Harry Doyle: Monty, anything to add?
Harry Doyle: Monty, anything to add?
Colorman: Ummm… no.
Harry Doyle: He’s not the best colorman in the league for nothing, folks!
The nameless colorman was perhaps aware that sometimes the best thing we can say is nothing. This can create more room for students to do the talking.
Roger Dorne: See, I’ve got it right here in my contract. It says, “I don’t have to do any calisthenics that I don’t feel are necessary.” So what do you think about that?
Contracts don’t always mean the same thing they do in places that are not home. My best advice for those teaching abroad is to find out exactly how important and valuable contracts are in their new context before expecting that the contract is anything more than just a starting point. The answers might surprise and shock you. For me it is always a matter of costing it out and being aware of how far beyond the contract I am willing to go. I am am not sure how useful cries of “It is not in my contract!” are in various countries around the world. I think Lou’s response might be typical in many places.
(You are really going to want to go ahead and click on Lou’s response if you don’t know what it is.)
Harry Doyle: Just a bit outside. He tried for the corner and missed.
Sometimes we see what we want to see. Sometimes that is very far from the objective reality. We need to try to be as accurate as possible about what think we are seeing.
(I am not actually sure if Harry was seeing things in his own way or just being sarcastic or a homer or what.)
I’m not much for giving inspirational addresses, but I’d just like to point out that every newspaper in the country has picked us to finish last. The local press seems to think that we’d save everyone the time and trouble if we just went out and shot ourselves. Me, I’m for wasting sportswriters’ time. So I figured we ought to hang around for a while and see if we can give ’em all a nice big shitburger to eat!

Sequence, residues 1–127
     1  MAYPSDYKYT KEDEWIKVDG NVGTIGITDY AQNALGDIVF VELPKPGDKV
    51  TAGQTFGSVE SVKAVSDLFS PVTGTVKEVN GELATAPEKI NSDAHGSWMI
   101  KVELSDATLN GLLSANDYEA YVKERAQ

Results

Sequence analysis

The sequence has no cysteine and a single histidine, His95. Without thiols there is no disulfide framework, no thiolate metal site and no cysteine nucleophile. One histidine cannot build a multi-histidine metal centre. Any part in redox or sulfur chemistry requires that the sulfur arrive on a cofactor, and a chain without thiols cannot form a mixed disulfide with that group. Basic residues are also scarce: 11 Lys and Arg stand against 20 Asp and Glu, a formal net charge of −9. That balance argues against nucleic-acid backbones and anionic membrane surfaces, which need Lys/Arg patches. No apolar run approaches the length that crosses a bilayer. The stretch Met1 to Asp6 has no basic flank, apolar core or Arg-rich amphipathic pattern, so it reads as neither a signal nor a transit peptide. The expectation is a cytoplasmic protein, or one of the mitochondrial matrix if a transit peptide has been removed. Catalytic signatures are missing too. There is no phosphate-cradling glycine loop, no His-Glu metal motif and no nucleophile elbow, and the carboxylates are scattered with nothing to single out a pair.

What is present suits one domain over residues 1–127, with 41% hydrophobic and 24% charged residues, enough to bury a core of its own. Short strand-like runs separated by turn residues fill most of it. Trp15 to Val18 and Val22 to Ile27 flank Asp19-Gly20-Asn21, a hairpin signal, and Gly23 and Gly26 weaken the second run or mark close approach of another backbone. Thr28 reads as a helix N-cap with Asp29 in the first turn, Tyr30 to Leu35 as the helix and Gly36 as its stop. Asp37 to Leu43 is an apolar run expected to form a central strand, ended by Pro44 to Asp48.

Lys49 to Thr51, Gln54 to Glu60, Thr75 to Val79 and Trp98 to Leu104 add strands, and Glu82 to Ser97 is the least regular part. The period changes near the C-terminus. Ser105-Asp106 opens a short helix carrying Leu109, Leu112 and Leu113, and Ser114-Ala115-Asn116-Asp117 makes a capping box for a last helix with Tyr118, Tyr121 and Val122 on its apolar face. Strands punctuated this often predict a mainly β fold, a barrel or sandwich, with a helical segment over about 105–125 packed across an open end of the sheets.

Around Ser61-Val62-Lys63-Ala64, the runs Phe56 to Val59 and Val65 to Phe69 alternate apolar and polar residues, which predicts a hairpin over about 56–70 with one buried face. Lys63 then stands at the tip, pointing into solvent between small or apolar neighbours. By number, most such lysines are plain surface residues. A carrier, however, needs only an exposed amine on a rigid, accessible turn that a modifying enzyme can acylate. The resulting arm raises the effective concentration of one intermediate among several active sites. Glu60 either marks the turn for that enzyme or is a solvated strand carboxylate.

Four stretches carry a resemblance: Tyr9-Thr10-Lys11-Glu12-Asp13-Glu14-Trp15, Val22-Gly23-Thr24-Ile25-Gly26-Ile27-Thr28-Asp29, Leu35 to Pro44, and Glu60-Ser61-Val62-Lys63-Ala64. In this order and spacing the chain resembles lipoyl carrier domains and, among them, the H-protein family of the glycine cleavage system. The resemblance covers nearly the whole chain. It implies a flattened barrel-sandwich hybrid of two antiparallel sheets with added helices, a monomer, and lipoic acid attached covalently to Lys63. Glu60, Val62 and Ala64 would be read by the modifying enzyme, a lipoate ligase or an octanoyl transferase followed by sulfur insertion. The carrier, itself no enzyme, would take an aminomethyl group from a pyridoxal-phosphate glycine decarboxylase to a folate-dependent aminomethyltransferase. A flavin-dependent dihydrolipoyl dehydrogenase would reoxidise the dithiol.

Sometimes rallying around together as a group in the face of low expectations of outsiders can be great motivation. Quite a few times in my life I have been “stuck” teaching the lowest level and they worked their asses off and improved so much and showed they were capable of much more than had been expected of them. I am not sure if giving the world a big shitburger to eat is always the best and most healthy motivation but I believe it can work at times.
Jake Taylor: I play for the Indians.
Chaire Holloway: Here in Cleveland? I didn’t know they still had a team!
Jake Taylor: Yup, we’ve got uniforms and everything, it’s really great!
Sometimes I imagine I am Jake when I talk to non-teachers who seem befuddled that teaching English is an actual job. “Yep, we’ve got whiteboards and everything!” is what I feel like saying. Christina Rebuffet-Broadus has a great post on the question, “So is that your real job?” Much like the cute lady in Major League, people don’t mean any harm by it, but it still is not an enjoyable moment when such questions are asked.
Lou Brown: Nice catch, Hayes. Don’t ever fuckin’ do it again.
Sometimes an idea that works well and looks cool is not something we need to do again. This is an experience I have had many times. I want to try something a bit crazy and it ends up working well but I realize at some point I don’t need to do it anymore.
Lou Brown: Okay Vaughn. They say you’re a pitcher, you’re sure not much of a dresser. We wear caps and sleeves on this level, son.
Sometimes, you just gotta dress the part, son.
Rick Vaughn: I look like a banker in this.
Jake Taylor: Sorry, Rick, house rules.
Again, sometimes you just gotta dress the part. Sometimes there are house rules related to dress and other things. They might not make sense and they might not be what you want to follow but if you want to be there you might need to follow them. If you really don’t want to follow the rules maybe you don’t want to be there and that is probably good and fine for everyone.
Heywood leads the league in most offensive categories, including nose hair. When this guy sneezes, he looks like a party favor.
This is just a shoutout to fans of K0TESOL, nose and ear hair, Pete Vuckavich, Rusty Staub, and the intersection thereof.